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Editor’s update: Arapahoe Basin appears poised to win the Colorado “race” to open first after natural snow fell overnight Thursday into Friday with a lot more in the forecast for this weekend. A-Basin will open on Sunday, Oct. 29.
There, I’ve said, and not just because Ski Ward, a Massachusetts ski area you’ve never heard of — using a snowmaking system that can produce something resembling snow at temps as high as 76 Fahrenheit — became the first to open in the United States on Sunday. I’m saying it because the annual race, even here in Colorado, is just stupid.
Open when conditions warrant without wasting water (a fair percentage of manmade snow, which requires a substantial amount of electricity, winds up evaporating before it melts into streams and rivers stressed by climate change). I’ll be much more psyched when a foot or more of Mother Nature’s flakes falls this weekend in Colorado than when Arapahoe Basin or Loveland “wins” the now statewide race to open first.
And I’m far more psyched for the endangered Colorado River when snowpack lasts well into June, or even continues to grow during wet, gross spring weather, because it means a far shorter fire season and far healthier rivers and streams.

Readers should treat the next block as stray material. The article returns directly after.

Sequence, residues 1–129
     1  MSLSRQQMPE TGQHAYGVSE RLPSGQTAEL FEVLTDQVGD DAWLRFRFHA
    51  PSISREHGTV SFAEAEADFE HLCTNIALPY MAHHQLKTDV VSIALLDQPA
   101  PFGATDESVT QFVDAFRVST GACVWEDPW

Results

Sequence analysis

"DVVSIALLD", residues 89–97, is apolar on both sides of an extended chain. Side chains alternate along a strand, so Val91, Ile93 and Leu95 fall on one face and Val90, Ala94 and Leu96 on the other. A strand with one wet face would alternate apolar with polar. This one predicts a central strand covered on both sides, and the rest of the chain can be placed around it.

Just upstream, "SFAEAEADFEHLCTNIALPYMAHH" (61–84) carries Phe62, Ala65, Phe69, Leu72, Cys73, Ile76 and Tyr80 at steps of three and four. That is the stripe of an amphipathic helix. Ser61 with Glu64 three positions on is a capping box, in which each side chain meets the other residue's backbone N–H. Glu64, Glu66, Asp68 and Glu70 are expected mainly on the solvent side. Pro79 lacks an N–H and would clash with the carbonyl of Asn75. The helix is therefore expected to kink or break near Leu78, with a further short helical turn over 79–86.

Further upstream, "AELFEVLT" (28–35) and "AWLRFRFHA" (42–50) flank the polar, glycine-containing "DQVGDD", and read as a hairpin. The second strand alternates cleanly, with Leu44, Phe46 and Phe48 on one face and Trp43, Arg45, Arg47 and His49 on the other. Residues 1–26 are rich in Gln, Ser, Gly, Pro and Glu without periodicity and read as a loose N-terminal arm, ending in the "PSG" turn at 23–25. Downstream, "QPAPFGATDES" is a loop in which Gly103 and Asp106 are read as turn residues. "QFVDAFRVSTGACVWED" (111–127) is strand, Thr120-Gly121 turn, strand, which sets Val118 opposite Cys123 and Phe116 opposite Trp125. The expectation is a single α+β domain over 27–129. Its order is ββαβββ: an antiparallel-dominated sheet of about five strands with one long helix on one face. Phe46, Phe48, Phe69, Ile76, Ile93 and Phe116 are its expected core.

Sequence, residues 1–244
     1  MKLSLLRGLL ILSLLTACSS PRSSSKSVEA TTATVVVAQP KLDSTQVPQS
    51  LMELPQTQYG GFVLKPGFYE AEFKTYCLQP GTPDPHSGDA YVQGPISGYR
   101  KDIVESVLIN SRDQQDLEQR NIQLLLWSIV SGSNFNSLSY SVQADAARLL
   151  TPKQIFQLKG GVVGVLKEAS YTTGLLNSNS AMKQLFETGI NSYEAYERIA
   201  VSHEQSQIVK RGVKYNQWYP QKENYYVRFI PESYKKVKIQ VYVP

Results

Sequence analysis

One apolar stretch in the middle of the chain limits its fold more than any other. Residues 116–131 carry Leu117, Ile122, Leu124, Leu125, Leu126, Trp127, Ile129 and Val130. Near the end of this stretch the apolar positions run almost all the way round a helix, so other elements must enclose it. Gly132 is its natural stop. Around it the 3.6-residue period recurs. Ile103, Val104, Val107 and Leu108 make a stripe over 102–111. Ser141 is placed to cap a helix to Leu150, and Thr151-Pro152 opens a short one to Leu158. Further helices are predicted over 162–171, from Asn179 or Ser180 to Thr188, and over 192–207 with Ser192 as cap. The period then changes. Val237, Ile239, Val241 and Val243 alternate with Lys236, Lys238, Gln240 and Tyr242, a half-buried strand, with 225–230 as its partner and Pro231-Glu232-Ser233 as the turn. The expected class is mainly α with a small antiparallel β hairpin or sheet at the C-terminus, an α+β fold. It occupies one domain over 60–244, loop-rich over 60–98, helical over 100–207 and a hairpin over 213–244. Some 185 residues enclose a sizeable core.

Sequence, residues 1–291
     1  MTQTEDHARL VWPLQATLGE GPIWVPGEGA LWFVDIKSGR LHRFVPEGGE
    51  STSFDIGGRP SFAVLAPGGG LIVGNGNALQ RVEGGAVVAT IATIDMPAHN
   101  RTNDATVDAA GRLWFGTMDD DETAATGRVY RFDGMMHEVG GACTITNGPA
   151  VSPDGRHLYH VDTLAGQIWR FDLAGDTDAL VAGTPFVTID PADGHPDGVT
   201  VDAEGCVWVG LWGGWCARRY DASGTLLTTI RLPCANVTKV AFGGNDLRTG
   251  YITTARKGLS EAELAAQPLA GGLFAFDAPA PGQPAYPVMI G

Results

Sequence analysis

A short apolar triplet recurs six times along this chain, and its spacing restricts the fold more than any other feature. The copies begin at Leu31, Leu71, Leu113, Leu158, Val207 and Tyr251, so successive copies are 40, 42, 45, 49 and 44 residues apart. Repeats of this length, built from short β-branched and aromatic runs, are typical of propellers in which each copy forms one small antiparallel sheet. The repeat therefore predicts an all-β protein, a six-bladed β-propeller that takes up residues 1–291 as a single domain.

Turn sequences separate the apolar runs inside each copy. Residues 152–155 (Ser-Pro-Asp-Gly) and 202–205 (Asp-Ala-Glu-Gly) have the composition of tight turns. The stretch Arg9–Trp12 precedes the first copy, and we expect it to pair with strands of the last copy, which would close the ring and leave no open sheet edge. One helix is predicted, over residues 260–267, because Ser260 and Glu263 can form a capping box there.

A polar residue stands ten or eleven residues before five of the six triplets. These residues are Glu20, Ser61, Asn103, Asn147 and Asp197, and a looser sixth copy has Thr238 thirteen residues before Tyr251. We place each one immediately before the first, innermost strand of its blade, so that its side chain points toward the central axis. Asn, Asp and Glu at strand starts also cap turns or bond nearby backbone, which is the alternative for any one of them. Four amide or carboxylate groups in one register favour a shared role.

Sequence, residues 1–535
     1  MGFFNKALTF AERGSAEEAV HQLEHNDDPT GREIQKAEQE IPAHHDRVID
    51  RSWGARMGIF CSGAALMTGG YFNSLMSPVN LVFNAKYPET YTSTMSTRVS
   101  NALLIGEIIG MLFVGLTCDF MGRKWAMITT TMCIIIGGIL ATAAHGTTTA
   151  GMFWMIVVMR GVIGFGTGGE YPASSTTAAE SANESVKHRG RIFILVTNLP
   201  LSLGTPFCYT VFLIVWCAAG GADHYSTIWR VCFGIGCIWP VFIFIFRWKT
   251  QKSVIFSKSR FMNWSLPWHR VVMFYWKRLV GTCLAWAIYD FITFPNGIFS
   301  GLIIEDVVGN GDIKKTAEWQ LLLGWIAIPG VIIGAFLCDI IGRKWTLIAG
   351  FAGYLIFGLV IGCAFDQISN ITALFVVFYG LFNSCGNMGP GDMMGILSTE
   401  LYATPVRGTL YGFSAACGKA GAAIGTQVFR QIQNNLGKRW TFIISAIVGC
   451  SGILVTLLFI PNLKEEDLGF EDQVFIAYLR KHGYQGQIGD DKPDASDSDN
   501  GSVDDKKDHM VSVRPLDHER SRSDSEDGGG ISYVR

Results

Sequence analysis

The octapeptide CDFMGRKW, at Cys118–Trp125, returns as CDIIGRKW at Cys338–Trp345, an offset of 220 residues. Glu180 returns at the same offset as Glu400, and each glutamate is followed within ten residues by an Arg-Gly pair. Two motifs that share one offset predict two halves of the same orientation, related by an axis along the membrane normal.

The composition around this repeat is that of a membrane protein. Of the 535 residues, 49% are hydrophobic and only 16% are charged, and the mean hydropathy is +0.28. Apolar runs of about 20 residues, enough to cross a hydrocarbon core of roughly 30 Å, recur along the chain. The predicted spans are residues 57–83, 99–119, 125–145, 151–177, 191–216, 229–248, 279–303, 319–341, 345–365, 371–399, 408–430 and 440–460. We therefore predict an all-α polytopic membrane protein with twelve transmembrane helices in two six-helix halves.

The WROD (White Ribbon of Death) is the most overrated thing in skiing, and while I will mark Vail’s opening in just over two weeks on Friday, Nov. 10, and Beaver Creek’s first day on Wednesday, Nov. 22, I probably won’t be out there dodging dumbasses on the WROD. Early season natural snow is good for marketing, booking season-long hotel reservations and overall stoke, but it’s mostly great for our wetlands and streams.
Speaking of, while it’s been a typically dry and crispy October so far, things are about to change on Saturday:
“It took a long time for the forecasts to align, and finally, we have alignment and very good news – a narrow band of intense snow should set up over our central and northern mountains on Saturday into Sunday with snow totals that could push into the double digits,” Opensnow.com meteorologist Joel Gratz wrote Wednesday. “This snowfall, along with a few days of cold temperatures, could result in lift-serviced turns in early November.”
Hopefully, the weather pattern turns and we have a season similar to 2022-23’s above-average snowfall totals. Beyond lift-served turns, which are nice, I’ll be far more psyched when I can earn leg-powered turns in the woods.